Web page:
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Senior design students showcase final projects

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“Nura” by Caterina Rizzoni was developed in partnership with Lighting Science and treats Seasonal Affective Disorder with its patented blue-lighting technology. Credit: Emily Dean | Lantern reporter

Ohio State Department of Design seniors made designs to help people in vulnerable places for their final projects.

The 2017 Department of Design Spring Exhibition displays final senior projects from 47 undergraduates among its three majors: industrial design, interior design and visual communication design.

Industrial design major Caterina Rizzoni said she is affected by Seasonal Affective Disorder. With fewer daylight hours in the winter, affected patients may experience irritability, low energy and weight gain with the disorder.

With this in mind, Rizzoni had a growing desire to produce an inexpensive, non-pharmaceutical treatment for the disease. This helped her create “Nura,” a light therapy system.

“I wanted to develop a device that would help me stay chipper and high-spirited in the wintertime,” Rizzoni said.

Rizzoni’s project is in partnership with Lighting Science, whose patented blue-light spectrum technology was initially created for the International Space Station to help regulate astronauts’ circadian rhythms. Nura lighting can be controlled using a smartphone app and its modular design enables users to shape and affix lights in a customizable fashion.

Interior design majors Madeline Cipro and Raine McMullen focused their projects on bettering the Columbus community of Franklinton.

McMullen conducted a survey among members of a weekly charity meal service that is attended by many homeless people in the neighborhood. She said she found there were very few places nearby that offered basic hygienic services to the homeless.

“I believe in the fundamental rights of all individuals to have access to space and resources that lead to better health and well-being,” McMullen said. “Getting haircuts, smelling nice and (having) clean clothes will help our homeless friends gain confidence as they attempt to re-enter the workforce or apply for housing.”

Cipro said her passion for human-centered design directed her project focus. In her research, she said she found most homeless shelters in the area to be limiting, as many shelters do not allow pets, and some only accept women and children.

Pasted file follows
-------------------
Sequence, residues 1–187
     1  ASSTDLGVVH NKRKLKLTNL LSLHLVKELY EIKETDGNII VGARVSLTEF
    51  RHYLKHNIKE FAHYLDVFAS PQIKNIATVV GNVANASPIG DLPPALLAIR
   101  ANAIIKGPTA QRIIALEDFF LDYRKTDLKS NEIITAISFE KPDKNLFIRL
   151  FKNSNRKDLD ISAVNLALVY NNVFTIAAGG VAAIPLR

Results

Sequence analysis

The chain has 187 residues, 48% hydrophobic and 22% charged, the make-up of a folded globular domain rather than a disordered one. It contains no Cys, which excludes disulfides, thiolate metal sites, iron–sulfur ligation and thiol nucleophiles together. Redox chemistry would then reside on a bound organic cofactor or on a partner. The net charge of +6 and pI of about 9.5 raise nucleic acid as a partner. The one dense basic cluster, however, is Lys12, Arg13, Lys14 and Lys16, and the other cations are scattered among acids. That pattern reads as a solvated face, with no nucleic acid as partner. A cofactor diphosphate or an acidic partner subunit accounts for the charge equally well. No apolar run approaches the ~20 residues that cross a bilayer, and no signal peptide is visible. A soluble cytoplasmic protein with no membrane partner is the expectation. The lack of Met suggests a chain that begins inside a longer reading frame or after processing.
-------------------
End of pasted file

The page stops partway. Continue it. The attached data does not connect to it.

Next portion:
“They often don’t feel welcoming or comfortable,” Cipro said. “These issues can make people more hesitant or even unwilling to stay there.”

Cipro said her proposal catered to her interest in urban micro-living and mixed-use residential design. Titled “ROTH,” it features a design for a collection of small apartment units for the homeless with amenities including office space, a gym, laundry facilities and career planning. A coffee shop near the entrance of the building offers employment opportunities for residents who need entry-level experience.

“(This design is) intended to help them have a sense of ownership and independence, while building up a community of neighbors and resources,” Cipro said.

One project with similar goals of building confidence and a sense of community is titled “CoCo: Confidence Collective,” by visual communication design major Sara Riedel. Her two-part system involves a launch party and blogging website that promotes positive self-esteem among young women and girls.

Riedel said she found that she and many of her close female friends developed insecurities during their middle school years that have lingered, which she saw as inspiration for her project.

“Something happened during a very vulnerable time in our lives that caused this insecurity to stick, and now with social media it’s only getting worse,” she said. “So I wanted to address this issue.”

The site connects girls to their peers and celebrity role model bloggers based on an assessment of their strengths taken at a launch party. She said that media literacy will also improve as girls read and write about their interests and strengths on a multimedia platform.

Riedel said the experience has helped her shape her expectations of designing after graduation.

“It gave me a glimpse into the world of developing and executing an idea,” she said. “I had my hands in a little bit of each part of the design process, which will give me a larger knowledge base no matter where I end up in the design field.”
The Department of Design Spring exhibition will be on display until April 8 at the Urban Arts Space, at 50 W. Town St. A reception will also be held on Saturday, April 8 from 5 to 7 p.m. Admission is free to the public and the gallery is open from 11 a.m. to 6 p.m. Tuesday through Saturday, with extended hours on Thursday until 8 p.m.

Madeline Cipro’s project, titled “ROTH,” is a mixed-use residential and commercial property that provides housing and career services to the homeless. Credit: Emily Dean | Lantern reporter

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